We live in the age of television proliferation. Gone are the comfortable days of the Big Three. Today whole new networks are coming to life, taking advantage of converging technologies, orbiting satellites and pizza-sized discs, the exploding Web and improving cable. New brands are struggling to be born from the marriages of new media. And the stakes are growing as long-term corporate futures are wagered on short-term business model bets.
But is more better? It's hard to escape the feeling that, instead of having 57 channels and nothing on, today it's 500 channels ... and still nothing on. You can change the channel. But can you change television?
In Toronto, televisionary Moses Znaimer, co-founder, president, and executive producer of Citytv, has seen the problem and has the answer. "The problem is not too much television," says Znaimer, 55, a Zen-like figure in a black suit with a white shirt, hair slicked back in a small ponytail. "It's too much of the same television." Twenty-four years ago, Znaimer and a partner started Citytv with $1.5 million, 80 employees, and a distinct vision of how to make TV with a difference — TV that was local and interactive, real-time with real people, optimistic and realistic, constantly reinvented and grounded in a consistent set of values. Today Citytv has grown to more than 600 employees, revenues of more than $200 million, and ratings that consistently give it a large % of the Toronto market.
Now Znaimer is out to spread his vision: he recently launched MuchaMusica, a Spanish language pop music venture in Argentina, privatized Alberta, Canada's public access television service, took over creative supervision of CKVR Barrie, a 40-year old Canadian Broadcasting Corporation affiliate, and bid for a license to open a Citytv-like station in Vancouver, Canada — perhaps the first step in a strategy to create mini-citytv's across North America.
What amazes Znaimer, even after 24 years of pioneering creativity, is how little creativity the rest of the television industry seems capable of. "How is it possible," he asks, "that French TV is like German TV which shares a lot of similarities with English TV? The answer is the similar way in which TV is made. There are arguably 1,000 TV stations in the world, and they're all virtually identical in the way programs are created in offices and executed in artificial places called studios."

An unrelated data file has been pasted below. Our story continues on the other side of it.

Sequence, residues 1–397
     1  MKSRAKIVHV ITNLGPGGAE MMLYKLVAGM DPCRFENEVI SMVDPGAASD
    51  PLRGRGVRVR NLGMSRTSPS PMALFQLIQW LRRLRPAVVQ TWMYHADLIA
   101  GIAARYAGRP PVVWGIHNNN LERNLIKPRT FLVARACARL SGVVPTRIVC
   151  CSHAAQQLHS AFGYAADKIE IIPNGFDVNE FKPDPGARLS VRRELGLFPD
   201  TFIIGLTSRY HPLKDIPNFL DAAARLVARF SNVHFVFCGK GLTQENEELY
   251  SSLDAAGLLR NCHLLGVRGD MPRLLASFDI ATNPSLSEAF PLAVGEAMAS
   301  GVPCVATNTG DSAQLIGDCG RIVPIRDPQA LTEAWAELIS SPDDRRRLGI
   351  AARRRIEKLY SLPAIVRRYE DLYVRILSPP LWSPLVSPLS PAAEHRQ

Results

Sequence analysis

Znaimer's creation: a studio-less television studio, program-less television programming, a boundary-less television experience that embraces reality, rather than make-believe, as the essence of the medium. Starting in September 1972, when Citytv first took to the airwaves, it was clear that this was television with a difference: low-powered, low-cost, and local television delivered with high-energy, high-style, and high-tech. Over the past 24 years, Znaimer's principles have remained consistent — so much so that the principles are the programs and the programs are always on. Here are the listings behind Citytv's TV revolution.
Program One: How you do TV is the TV you do.
"The first task," says Znaimer, "is to escape the studio." If Marshall McLuhan's dictum was, the medium is the message, Moses Znaimer's corollary is, the process is the product.
To make it happen, Citytv moved into a classic five story, 160,000 square foot building on the busiest block of Queen Street West in the heart of downtown Toronto between a stretch of sidewalk cafes and ethnic restaurants. Then Znaimer rebuilt into a studio-less television studio, with no phony sets or fake scenery. Instead, the building is equipped with 35 "hydrants," outlets that connect audio, video, sync, intercom, and lights with 160 miles of cable. Any corner of the building can be on-air within minutes. Anything can happen, anywhere, anytime, and find itself part of the broadcast.
"What we do, every one of us, constitutes the performance," explains Znaimer. "You don't have to choreograph it, because it's constantly there. Except in television, you never see it. You only see the static, artificial final product." Citytv's first principle: television is flow, not show.
Program Two: Where you do TV is how you do TV.
"If you want to start a new TV operation in Poland," says Znaimer, "the usual impulse is to go to the people who're making TV in Poland. It's in a compound 15 miles out of town. There's more than just one guard, and it's a state secret."
It's not all that different from TV stations in North America — most of which are located in anonymous suburban office buildings or behind guarded fences.
Citytv is local TV. As such, it's part of the city's life, not something separate from it. The downtown location is a programming decision, as is the internal layout of the building, which is organized around a motif of "streets," intentionally blurring the distinction between the outside and inside worlds.